Mullet Hall – LBC Materials Red List

Posted on Jul 25, 2018
Mullet Hall – LBC Materials Red List

As could have perhaps been predicted, the main “challenge” of the Living Building Challenge, particularly during construction, is the Materials Petal. In this post I will discuss the Red List Imperative of the Materials Petal.

According to the International Living Futures Institute,

The intent of the Materials Petal is to help create a materials economy that is non-toxic, ecologically restorative, transparent, and socially equitable. Throughout their life cycle, building materials are responsible for many adverse environmental issues, including personal illness, habitat and species loss, pollution, and resource depletion.

I’d like to address each of the Materials Petal imperatives and discuss the challenges and solutions that we have come up with so far in order to attempt to achieve this Petal. In this post I will address: 10. Red List Imperative

Arguably the most famous portion of the Living Building Challenge, this imperative asks the project team to ensure that no product used in the building contains Red List Materials/Chemicals. These Red List Chemicals (as of this writing) include

Alkylphenols, Asbestos, Bisphenol A (BPA), Cadmium, Chlorinated Polyethylene and Chlorosulfonated Polyethylene, Chlorobenzenes, Chlorofluorocarbons (CFCs) and Hydrochlorofluorocarbons (HCFCs), Chloroprene (Neoprene), Chromium VI, Chlorinated Polyvinyl Chloride (CPVC)m, Formaldehyde (added), Halogenated Flame Retardants (HFRs), Lead (added), Mercury, Polychlorinated Biphenyls (PCBs), Perfluorinated Compounds (PFCs), Phthalates, Polyvinyl Chloride (PVC), Polyvinylidene Chloride (PVDC), Short Chain Chlorinated Paraffins; Wood treatments containing Creosote, Arsenic or Pentachlorophenol; and Volatile Organic Compounds (VOCs) in wet-applied products.

Due to supply limitations, there are exceptions to the Red List prohibitions. First of all, there is the General Red List Exception, which requires a project team to “make every attempt to design the product out of the project… To use this Exception, project teams must engage in and document a good-faith effort (or due diligence) to design the product out of the project; that they have researched alternatives; and that they have sought a Red List–free product from a minimum of three competing manufacturers.”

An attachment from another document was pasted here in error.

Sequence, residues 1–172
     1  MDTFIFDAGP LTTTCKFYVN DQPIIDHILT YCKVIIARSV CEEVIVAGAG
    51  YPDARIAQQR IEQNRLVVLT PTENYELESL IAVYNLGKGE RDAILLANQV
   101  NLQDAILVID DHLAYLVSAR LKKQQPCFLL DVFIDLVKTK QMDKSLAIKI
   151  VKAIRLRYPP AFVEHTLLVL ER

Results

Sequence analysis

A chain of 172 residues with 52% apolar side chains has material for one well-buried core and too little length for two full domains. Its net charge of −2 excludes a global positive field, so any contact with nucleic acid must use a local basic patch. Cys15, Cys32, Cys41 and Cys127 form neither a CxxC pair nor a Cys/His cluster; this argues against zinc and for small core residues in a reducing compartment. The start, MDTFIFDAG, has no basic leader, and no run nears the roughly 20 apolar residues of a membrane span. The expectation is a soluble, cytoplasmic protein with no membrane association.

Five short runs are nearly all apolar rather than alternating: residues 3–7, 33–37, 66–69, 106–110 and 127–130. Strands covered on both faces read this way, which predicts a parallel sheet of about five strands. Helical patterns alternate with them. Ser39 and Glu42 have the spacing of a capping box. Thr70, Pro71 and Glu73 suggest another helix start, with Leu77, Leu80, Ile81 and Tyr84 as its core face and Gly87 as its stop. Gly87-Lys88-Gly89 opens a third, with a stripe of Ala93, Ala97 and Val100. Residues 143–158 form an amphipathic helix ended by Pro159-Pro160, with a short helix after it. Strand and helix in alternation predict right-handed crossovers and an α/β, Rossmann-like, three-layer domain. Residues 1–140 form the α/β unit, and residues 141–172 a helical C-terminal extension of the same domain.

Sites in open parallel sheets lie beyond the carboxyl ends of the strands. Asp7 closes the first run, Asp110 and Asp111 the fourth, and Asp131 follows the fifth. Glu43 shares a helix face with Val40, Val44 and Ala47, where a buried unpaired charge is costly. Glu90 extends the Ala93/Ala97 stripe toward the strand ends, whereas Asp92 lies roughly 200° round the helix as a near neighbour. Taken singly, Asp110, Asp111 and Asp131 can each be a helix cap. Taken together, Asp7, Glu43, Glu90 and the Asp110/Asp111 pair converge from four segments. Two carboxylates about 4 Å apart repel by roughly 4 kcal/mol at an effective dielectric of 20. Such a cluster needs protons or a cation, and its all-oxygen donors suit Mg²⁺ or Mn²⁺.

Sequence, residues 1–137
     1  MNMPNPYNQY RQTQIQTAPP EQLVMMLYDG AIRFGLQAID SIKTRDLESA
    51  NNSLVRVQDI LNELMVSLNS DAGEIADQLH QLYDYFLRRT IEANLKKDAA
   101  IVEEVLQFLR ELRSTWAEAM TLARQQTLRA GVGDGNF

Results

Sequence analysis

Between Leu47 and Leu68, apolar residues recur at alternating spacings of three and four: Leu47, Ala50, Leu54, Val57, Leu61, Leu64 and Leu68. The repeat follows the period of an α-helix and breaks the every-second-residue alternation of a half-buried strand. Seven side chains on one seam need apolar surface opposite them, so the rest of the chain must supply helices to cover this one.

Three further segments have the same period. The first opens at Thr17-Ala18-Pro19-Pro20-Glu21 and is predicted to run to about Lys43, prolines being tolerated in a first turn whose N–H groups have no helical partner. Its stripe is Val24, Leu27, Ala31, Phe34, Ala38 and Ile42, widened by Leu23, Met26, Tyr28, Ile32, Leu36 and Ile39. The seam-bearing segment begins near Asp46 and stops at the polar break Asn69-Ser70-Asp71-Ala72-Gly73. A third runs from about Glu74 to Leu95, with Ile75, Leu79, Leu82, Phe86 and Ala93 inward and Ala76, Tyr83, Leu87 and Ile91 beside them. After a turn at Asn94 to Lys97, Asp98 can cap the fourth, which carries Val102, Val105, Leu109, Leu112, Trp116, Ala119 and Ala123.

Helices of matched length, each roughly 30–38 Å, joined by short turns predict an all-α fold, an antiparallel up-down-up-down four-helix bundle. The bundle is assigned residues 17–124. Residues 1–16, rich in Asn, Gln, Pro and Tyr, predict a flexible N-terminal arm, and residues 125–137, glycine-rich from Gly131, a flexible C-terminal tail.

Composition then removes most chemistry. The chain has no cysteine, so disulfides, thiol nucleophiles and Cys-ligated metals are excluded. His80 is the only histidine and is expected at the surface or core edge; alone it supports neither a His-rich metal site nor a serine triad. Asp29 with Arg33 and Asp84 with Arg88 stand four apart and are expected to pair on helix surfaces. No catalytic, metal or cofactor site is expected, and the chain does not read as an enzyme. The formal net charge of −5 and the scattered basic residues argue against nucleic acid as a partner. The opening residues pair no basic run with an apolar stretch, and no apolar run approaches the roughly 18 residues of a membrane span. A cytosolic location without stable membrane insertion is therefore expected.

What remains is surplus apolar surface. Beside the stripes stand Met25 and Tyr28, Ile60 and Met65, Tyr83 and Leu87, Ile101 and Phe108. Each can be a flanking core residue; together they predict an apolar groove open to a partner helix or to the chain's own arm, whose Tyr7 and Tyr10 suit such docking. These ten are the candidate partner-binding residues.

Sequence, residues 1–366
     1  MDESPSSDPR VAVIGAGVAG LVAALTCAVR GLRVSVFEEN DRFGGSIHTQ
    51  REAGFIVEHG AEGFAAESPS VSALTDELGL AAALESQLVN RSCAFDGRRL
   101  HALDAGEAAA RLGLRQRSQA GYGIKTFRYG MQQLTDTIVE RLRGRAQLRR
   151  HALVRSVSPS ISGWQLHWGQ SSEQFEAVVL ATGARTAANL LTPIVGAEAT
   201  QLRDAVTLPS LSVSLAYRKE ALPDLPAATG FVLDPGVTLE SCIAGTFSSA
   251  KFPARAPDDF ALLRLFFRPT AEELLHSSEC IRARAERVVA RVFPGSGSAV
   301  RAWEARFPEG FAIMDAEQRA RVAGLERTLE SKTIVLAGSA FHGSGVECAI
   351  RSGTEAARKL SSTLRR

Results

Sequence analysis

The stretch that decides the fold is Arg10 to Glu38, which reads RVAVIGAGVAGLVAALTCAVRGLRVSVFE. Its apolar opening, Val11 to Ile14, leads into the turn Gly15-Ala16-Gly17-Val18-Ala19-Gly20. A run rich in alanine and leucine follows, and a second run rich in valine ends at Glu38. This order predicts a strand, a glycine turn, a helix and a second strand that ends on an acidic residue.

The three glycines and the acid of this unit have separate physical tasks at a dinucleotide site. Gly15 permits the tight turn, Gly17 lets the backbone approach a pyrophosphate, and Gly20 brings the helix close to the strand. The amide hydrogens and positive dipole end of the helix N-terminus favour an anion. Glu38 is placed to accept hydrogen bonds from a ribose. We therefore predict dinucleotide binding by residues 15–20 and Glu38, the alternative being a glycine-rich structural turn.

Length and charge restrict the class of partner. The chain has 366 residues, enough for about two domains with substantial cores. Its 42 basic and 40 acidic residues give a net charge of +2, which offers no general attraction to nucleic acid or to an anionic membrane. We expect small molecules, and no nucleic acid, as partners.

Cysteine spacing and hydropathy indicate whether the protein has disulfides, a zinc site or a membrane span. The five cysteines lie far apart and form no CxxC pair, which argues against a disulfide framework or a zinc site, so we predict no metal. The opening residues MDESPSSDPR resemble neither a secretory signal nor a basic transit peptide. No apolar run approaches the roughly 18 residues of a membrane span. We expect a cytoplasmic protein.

The difficulty I have encountered in knowing if we are making a “good-faith effort” is that when manufacturers are contacted about red list materials, they often profess complete ignorance, and an inability to supply complete materials documentation for their products. Secondly, despite the ILFI request for materials list from past projects, the ILFI explicitly states that “[t]he lists themselves cannot be used for materials documentation. Project teams must independently confirm all materials ingredients.”

This requirement in itself makes compliance quite challenging for a small team, and makes it almost necessary for us to make a good-faith effort during the Construction Document and Construction Administration phases as minor changes and substitution requests come up, and hope that we can complete the LBC documentation at the end of the process. The most successful implicatinos for the entire project team of attempting Red List compliance has been simple substution of materials. For example, to create a sleeve in the foundation wall, the mason, Perry Masonry, Inc., created this simple drain tile sleeve: